can't get done on all this new equipment that in some cases cost upwards of
a quarter-million to put in place. What did they get out of all of this?
Some increased speed in 3D animation rendering. A lot of new bills to pay.
A lot of new specialized computer consultants to pay. Oh yeah, and happy
people down at the local power company. Magazines don't report on all
those facts. Magazines are oriented towards 'What's New' not the 'What's
Here and Now'.
The Amiga's software is still top notch. Honestly you can pick up a couple
of software packages for a few hundred bucks on the Amiga that will do
stuff that costs those tens of thousands to get on the SGI and just aren't
available on the PC. Modesty prevents me from pointing out the company
that makes some of this software. Really it does. Anyways, the neat thing
about this is that good ole Joe User can do the same jobs as the big guys
and probably at half the cost. If nothing else, he can do jobs for clients
who want the Spielberg look on an infomercial budget. I've seen this sort
of work, and you know what? You Amiga guys are pretty darned talented.
The Amiga also has it's users. Some call it loyalty. Some call it
fanaticism. It's not that mild and it's not that wild either. Mostly,
despite ourselves, it's our sense of community. Example. I walk into my
office the other day and in the building lobby there sits a guy waiting for
someone. Turns out, it's me! Now, when you're an Amiga software
developer, I've learned you expect to have local Amiga users drop by to see
how things work. Turns out this 'local' Amiga user was Esa Haapaniemi.
From Finland. He also brought doughnuts. Very cool. Very cool Amiga
user. We had a great time. (note: before you pack your bags and plan your
itinerary, I'll advise you of what Esa learned the hard, patient, way. We
keep strange hours. When you sell software around the world out of a set
of offices in Richmond, Virginia, you alter your hours to fit the rest of
You think the Amiga's in a No-Win situation? You're right, it is! As in
'No Win-95'. The Amiga has many strengths, and when it's not the software
sellers like my company, it's all in the OS. That little mighty marvel of
marvelous microcoded ingenuity; AmigaDOS. No bloated 16-bit prehistory.
No gratuitous river of driver software for this display or that display
included to make everyone happy. Remember the laughable reports of
'Windoze for Microwaves'? I'm serious. Bill thought his coders could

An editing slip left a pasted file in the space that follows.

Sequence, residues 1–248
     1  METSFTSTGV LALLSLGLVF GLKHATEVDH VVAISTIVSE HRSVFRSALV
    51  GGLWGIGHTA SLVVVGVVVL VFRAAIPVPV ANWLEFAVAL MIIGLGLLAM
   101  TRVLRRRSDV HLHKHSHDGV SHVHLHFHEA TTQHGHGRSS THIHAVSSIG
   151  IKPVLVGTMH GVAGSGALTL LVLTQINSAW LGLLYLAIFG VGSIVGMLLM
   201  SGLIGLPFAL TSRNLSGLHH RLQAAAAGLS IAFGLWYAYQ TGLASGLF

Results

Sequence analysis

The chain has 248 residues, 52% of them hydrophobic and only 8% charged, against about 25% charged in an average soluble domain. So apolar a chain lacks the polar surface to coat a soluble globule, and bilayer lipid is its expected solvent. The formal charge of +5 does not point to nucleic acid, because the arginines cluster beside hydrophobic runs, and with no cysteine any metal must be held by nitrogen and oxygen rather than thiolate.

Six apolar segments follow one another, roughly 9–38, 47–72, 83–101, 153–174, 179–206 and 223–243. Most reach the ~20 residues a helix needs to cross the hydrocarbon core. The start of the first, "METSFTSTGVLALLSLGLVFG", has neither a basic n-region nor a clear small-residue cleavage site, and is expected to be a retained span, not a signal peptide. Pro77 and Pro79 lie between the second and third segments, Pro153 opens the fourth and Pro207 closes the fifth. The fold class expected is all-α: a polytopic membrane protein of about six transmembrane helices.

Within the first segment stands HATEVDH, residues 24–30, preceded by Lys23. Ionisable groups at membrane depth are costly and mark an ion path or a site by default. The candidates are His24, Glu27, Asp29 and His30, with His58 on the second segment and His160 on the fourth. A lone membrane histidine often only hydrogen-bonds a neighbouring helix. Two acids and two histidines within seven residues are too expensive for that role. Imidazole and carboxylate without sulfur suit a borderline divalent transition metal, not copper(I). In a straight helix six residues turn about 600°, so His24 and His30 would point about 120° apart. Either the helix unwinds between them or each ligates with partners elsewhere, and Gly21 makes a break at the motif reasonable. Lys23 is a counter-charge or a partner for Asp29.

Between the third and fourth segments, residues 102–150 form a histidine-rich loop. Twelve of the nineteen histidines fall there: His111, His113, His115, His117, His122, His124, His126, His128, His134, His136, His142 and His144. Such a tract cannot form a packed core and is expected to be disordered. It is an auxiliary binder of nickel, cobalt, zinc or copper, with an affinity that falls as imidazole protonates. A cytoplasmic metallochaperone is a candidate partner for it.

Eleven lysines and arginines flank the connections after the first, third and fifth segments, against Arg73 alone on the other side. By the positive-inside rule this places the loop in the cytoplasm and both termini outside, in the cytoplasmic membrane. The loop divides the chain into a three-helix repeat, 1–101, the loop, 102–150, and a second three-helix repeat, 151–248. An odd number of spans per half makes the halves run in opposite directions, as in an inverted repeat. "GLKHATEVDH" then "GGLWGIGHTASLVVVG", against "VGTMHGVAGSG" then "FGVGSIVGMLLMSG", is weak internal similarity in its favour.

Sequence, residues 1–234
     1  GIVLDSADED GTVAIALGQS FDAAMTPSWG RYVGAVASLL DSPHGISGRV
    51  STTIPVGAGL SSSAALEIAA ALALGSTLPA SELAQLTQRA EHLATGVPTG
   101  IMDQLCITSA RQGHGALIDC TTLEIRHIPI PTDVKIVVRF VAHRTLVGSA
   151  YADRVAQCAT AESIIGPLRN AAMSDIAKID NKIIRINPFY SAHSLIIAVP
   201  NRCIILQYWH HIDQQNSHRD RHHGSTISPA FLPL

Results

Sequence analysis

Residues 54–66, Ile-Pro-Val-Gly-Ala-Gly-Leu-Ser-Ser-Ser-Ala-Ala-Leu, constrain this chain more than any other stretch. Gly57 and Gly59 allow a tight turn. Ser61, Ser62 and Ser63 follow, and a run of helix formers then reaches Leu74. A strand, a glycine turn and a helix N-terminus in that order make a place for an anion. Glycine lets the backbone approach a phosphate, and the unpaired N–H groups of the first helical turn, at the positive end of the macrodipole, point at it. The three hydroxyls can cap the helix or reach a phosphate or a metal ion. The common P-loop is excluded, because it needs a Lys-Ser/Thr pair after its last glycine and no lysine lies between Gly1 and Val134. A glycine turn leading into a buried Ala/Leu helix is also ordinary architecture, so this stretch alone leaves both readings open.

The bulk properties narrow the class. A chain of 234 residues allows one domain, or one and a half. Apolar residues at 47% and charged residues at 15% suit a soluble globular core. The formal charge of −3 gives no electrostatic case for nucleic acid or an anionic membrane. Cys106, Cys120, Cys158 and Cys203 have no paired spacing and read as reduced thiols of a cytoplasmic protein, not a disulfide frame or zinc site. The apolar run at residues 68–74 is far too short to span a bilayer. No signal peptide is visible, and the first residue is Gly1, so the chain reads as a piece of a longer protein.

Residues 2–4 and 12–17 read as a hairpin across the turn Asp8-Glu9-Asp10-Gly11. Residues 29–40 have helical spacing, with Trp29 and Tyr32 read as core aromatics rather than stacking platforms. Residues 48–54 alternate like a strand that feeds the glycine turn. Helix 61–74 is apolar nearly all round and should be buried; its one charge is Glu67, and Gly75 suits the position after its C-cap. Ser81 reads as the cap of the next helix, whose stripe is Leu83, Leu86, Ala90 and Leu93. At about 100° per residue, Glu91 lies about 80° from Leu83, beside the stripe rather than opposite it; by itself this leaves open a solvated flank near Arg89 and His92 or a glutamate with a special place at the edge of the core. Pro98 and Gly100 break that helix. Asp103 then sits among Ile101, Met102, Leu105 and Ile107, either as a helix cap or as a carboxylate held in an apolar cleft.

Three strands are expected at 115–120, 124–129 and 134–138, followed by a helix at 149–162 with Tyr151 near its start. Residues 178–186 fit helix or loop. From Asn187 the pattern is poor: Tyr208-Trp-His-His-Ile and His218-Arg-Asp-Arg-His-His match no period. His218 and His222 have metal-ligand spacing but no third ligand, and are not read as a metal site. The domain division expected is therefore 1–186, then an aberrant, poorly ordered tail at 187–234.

shrink down Windoze to make a general purpose control paradigm for
household appliances. I'll admit I sometimes can't puzzle out
'auto-defrost' but at least if I get it wrong my Microwave doesn't crash
with a Group Protection Fault and reboot my frozen dinner into my forehead.
VIScorp with their ED settop box have the right idea. The Amiga - It's the
If you think the current situation with the Amiga is anything but great,
you're sanity-challenged. VIScorp is shelling out 40 million samolians to
grab this technology. Folks, they had licensed all the rights they needed
for their business-as-usual. They're looking for the business that's
as-unusual now. Escom rebuilt, in a wowzer of a fast time too, the Amiga
and Amiga Technologies into a viable company. Now Amiga Tech. and VIScorp
seem very pleased with all the Amiga 'clones'. Want to know a secret. I'm
very pleased too. Clones made the PC the force it is today. If IBM hadn't
screwed up and left the door open for the PC technology to slip out, they
would've killed the PC back in the 1980's. Did you realize there are at
least, today, FIVE companies creating Amiga 'clones'? Macrosystems/DraCo
(they hate to admit it, but it's a pretty decent Amiga clone), Eagle
Computers GmbH, PIOS, phase5, and Quikpak. Clones mean competition.
Competition means prices fall. Falling prices mean sales. Sales mean more
competition. Lather, rinse, repeat. Check what's happening already with
the pricing on the Eagle 4000TE computers if you don't think this will
happen! PIOS, phase5 and others are going to be vying to bring you the
next generation of PowerPC based Amiga hardware. This is closer than you
think and it has the possibility of being cheaper than you think as well.
It's all silicon and the prices of sand aren't rising like they used to!
The Amiga's got cool users, great magazines (like Amiga Report), cutting
edge software, the best operating system and some aggressively interesting
hardware here - with more coming every time I turn around!
So why am I positive about the Amiga? Why? Because I'm still having FUN!